To say it clearly, a lot of people in Japan are alcoholics and it's a growing problem. But what often leads to dropping out of society eventually is happening here a lot slower than in western countries I believe. It's not seen as big problem here, not even as what it is, an addiction, a disease. Instead there are TV/train advertisments with young attractive women coming home from work only to open their beer-filled fridge and enjoy their beer to the fullest. It's encouraging, almost sexy. Not very different from western ads you might say, but it's on a whole other level here, believe me. In general, with having worked with alcoholics in the past, I'm quite concious and honestly worried about the issue. There is an interesting article about it here.

4. Politeness

I started to learn Japanese because I liked the complicated beauty of the language. The different types of addressing persons on a different social level was intriguing. Starting with the polite form of Japanese first, I was almost disapointed when I eventually learned how normal talk to each other (some beauty gets lost I think). Then there is art of saying a thing, but not really meaning it, but insinuating another at the same time. Being ambivalent about it, 曖昧 (aimai) and not saying it bluntly, always trying to keep a harmony between the speaker and the listener. A complicated and beautiful art.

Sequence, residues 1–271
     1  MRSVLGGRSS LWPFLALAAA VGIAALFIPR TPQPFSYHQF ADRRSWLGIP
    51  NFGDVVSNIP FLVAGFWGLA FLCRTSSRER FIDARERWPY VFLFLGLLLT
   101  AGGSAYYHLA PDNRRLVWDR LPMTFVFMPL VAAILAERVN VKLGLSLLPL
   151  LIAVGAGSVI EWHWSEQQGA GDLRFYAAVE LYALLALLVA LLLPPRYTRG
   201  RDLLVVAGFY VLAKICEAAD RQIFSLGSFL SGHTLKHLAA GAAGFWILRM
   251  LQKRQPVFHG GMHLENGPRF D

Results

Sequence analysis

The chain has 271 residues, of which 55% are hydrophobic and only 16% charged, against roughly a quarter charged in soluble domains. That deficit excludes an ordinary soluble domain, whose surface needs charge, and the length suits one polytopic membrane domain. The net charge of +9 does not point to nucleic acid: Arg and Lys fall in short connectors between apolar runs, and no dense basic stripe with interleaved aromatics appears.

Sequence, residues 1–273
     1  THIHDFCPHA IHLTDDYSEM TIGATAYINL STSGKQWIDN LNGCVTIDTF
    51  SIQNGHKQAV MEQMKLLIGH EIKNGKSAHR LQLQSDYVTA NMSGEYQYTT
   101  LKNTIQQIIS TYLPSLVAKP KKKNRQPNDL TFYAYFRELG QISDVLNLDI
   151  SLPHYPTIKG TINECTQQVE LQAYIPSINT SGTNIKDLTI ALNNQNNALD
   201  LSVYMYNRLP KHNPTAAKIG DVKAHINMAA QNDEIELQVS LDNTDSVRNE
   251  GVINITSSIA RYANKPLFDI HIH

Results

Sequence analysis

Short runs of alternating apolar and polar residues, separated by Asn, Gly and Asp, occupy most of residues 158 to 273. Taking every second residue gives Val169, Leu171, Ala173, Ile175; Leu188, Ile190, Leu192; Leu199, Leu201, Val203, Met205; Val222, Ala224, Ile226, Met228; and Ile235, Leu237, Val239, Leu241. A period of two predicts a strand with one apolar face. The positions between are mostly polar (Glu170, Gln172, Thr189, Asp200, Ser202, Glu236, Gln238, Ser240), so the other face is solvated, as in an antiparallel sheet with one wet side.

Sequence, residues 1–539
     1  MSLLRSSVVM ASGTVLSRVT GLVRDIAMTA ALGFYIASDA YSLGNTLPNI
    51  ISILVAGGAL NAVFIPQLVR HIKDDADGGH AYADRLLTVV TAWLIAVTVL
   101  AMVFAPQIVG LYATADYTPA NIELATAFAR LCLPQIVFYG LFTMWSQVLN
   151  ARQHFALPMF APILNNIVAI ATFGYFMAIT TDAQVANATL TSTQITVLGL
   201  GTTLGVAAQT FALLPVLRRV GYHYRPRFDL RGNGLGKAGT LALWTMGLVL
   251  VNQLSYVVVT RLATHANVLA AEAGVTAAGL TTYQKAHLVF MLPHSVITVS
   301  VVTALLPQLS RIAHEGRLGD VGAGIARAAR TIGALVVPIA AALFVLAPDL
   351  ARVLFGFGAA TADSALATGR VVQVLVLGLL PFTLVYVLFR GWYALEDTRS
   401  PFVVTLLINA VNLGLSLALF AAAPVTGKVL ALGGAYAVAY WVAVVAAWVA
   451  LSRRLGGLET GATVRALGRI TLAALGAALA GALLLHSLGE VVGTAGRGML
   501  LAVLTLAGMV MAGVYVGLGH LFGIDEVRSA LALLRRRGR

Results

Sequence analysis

But learning all these different levels, the rules of when to say what and the different words can be such a pain in the ass. When you're already struggling with how to express your thoughts and desires in a normal way, it's more than a surprise when they tell you that you actually have a whole different set of language to use, depending on the situation you are in. You buy stuff at a konbini, no worries, use simple form. You inquire at the bank about something, you better use the normal polite form. You're talking with your colleagues about your boss, oh better use an more polite/humble form. You have to talk to a customer? Aaaaannd there is keigo (敬語) for you with it's long sentences and structured rules of interaction. For a Japanese learner it's even difficult to be addressed in the very polite way because the actual information is embedded in all this polite sugar-coating, making it hard to find, especially when talking on the phone.

Then there are many rules of politeness for handing out business cards, addressing people at work, bringing/receiving presents. A small mistake can be considered impolite. Not knowing the rules can be one already. Which brings me to the next one.

5. Rules

I like rules. I like to know what I am supposed to do and what I am not supposed to do. I like to understand rules and regulations, even laws. Mostly to not breach them but also to find the possible loop-holes. I like to know my options and my challenges. But in the end of the day I like rules simply because they make the world a bit easier to understand, especially if they make sense. Rules can also provide and enforce quality when applied correctly. I'm a big fan of ISO 9001 quality management in fact.